This time, it's the word "vulnerability" and the hidden meaning there.
Now we all know what it means, dictionary-definition-wise, and how it's commonly used. It means to be or to show weakness, to have a "soft spot" of some kind, the flaw that cracks the diamond. In gaming we see that vulnerable spots are the part you target to take out the big boss. In sports it's a member of the team who's more a liability than an asset, or something the player hasn't trained in very much or just isn't very good at. In war it's the target we need to crush the enemy swiftly and with the path of least resistance.
In emotions it's feeling like you've been stripped of all your defences and you just KNOW that one word, one gesture, one tiny thing could break your soul to pieces and your heart will never be whole again.
What about the other side of vulnerability, though?
What about the way you feel when your lover takes hold of you, whispers their undying devotion to you, and takes all the weight off your shoulders? What about that feeling you get with friends who you can tell absolutely any secret? What about the way you look at your loved ones, those you let into your heart without a second thought, and the way you laugh and cry and rage with them?
We don't make ourselves vulnerable at these times. We just prove that we are. We show that we are creatures with hearts and souls, even if the mind wants to cover that up for fear we will be taken advantage of.
It's no small thing to feel so open, to understand how much something external can effect you.
But the same vulnerabilities can make us do some stupid things. We refuse to let people see us cry when we need someone to help us through it; we refuse to turn away from the snide comment that hit a little too close to home because the pain won't let go; we close our hearts to the suffering of others because we don't want it to be the reflection of our own that it is.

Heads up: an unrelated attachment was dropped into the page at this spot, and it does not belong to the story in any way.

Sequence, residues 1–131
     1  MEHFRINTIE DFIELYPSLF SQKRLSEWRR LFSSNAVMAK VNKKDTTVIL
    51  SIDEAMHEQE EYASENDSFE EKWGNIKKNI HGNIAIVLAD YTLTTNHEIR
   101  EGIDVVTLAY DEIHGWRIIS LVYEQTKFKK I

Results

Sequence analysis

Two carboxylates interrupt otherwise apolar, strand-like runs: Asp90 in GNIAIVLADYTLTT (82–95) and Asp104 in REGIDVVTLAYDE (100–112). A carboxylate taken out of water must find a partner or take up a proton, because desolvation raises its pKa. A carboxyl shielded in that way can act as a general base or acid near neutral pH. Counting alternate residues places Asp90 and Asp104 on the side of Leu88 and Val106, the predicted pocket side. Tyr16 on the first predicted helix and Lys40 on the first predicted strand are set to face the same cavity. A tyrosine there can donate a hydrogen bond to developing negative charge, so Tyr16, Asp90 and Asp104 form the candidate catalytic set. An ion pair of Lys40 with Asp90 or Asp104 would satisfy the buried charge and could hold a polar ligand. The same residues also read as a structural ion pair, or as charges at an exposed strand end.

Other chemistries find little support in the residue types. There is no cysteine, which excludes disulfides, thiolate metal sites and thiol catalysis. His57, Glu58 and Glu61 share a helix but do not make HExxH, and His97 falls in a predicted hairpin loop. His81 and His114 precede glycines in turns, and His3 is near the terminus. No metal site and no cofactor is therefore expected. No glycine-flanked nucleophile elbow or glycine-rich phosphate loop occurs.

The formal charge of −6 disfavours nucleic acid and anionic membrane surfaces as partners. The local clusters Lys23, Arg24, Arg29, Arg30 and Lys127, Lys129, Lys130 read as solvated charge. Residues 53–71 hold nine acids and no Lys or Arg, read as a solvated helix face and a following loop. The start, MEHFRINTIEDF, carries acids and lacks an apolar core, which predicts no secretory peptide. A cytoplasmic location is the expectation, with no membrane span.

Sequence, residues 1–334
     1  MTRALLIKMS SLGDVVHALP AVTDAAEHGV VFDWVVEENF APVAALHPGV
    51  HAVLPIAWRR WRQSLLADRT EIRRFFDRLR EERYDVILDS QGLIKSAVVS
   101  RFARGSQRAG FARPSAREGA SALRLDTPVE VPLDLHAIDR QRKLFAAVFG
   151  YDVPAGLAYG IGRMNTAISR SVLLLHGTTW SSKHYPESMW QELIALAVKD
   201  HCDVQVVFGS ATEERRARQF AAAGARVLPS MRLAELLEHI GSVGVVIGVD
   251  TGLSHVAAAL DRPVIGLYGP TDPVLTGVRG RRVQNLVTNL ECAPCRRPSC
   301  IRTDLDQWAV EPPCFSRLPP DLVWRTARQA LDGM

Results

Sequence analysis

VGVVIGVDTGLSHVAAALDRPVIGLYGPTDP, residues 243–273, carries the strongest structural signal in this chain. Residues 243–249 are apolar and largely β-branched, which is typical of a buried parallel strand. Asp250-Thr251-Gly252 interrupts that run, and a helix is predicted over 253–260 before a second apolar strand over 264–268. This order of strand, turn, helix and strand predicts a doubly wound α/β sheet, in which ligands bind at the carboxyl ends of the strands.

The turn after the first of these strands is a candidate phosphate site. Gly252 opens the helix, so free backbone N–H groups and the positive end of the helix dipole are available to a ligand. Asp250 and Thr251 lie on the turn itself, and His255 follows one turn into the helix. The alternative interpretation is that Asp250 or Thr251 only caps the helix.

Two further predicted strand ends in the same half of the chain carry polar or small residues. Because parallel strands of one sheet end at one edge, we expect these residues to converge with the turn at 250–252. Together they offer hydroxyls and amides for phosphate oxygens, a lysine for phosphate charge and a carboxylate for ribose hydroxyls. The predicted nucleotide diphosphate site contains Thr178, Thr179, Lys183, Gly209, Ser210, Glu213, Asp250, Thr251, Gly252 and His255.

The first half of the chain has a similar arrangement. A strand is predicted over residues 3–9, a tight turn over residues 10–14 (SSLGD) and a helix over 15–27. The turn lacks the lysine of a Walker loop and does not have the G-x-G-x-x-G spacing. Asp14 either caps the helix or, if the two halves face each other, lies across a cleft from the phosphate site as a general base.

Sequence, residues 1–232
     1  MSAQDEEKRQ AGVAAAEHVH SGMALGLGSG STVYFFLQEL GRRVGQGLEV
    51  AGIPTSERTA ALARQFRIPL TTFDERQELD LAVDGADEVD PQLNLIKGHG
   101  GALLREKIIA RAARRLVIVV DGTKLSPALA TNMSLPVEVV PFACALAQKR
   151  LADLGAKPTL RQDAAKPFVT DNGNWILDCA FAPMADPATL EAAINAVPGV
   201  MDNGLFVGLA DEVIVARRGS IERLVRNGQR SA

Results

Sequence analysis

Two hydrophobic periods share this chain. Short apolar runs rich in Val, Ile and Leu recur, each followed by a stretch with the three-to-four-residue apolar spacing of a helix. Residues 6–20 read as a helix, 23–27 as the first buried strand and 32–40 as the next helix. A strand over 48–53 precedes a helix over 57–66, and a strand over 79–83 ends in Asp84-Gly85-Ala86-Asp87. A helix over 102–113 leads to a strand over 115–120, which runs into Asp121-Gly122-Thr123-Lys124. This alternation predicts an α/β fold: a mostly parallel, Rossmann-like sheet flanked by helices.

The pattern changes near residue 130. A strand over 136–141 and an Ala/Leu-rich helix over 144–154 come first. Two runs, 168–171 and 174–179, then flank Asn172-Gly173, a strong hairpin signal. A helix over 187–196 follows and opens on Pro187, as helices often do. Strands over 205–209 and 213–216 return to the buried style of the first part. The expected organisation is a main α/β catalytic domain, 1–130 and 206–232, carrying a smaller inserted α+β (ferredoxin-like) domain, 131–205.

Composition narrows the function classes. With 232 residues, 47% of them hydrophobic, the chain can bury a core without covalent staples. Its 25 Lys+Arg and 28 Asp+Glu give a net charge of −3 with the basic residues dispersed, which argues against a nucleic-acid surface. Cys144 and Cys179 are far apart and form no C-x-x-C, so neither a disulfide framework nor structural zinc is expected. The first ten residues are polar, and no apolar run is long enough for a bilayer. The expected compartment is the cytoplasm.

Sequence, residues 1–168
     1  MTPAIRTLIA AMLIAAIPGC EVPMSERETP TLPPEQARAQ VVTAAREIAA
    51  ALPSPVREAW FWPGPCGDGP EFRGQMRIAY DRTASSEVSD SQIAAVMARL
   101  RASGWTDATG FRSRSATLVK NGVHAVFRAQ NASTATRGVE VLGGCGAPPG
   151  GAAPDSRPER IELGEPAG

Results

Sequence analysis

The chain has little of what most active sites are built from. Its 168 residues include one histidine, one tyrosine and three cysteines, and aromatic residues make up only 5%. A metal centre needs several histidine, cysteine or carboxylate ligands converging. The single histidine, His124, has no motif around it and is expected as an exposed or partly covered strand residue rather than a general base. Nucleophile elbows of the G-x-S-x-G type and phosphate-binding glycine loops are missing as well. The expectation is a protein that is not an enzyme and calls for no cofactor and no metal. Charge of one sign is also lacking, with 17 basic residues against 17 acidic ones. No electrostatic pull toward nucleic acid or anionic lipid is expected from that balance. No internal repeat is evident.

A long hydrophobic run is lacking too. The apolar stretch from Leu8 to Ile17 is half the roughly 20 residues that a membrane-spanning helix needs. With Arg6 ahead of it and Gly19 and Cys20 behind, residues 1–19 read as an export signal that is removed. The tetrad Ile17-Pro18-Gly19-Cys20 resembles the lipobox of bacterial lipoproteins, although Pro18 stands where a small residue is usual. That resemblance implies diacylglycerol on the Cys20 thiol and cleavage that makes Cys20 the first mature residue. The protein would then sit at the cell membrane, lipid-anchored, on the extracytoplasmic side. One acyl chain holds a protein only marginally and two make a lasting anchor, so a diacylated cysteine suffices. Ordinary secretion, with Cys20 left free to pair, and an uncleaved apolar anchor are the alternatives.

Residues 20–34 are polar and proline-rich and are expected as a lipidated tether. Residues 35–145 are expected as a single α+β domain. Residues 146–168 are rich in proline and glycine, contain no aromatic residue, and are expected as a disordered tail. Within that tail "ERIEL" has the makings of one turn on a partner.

I talk a lot about masks and how we each wear masks for daily tasks and different circles. There's a special kind of mask that we put on when we feel that aching vulnerability that says we're going to break. It's the mask nobody sees. It's the mask that looks like a bedsheet thrown over a child's head as they cry in terror. It's the mask that looks like a locked door to a teenager's room when they're tearing themself to shreds because they don't know what else to do. It's the mask that looks like a smile and a stiff upper lip when you ask the broken person "how's life?". It's the mask that looks like a book full of poems that nobody will ever be allowed to read because the author is still so ashamed. It's the mask that looks like a fist colliding with someone's face because they used that word again. It's the mask that looks like two people in bed, turned away from each other because they can't bring themselves to break the silence and sat what they both long to hear.
It's a mask I wish we could all do without.
The truth is: I like the vulnerability I feel around my loved ones. Sometimes I still put on that mask, tell myself nobody wants to deal with my problems because they all have their own burdens. Other times I toss that mask in the bin and show myself, heart and soul, to the people I care for. Because I know they care for me, too, and that just makes the openness of the heart all the sweeter.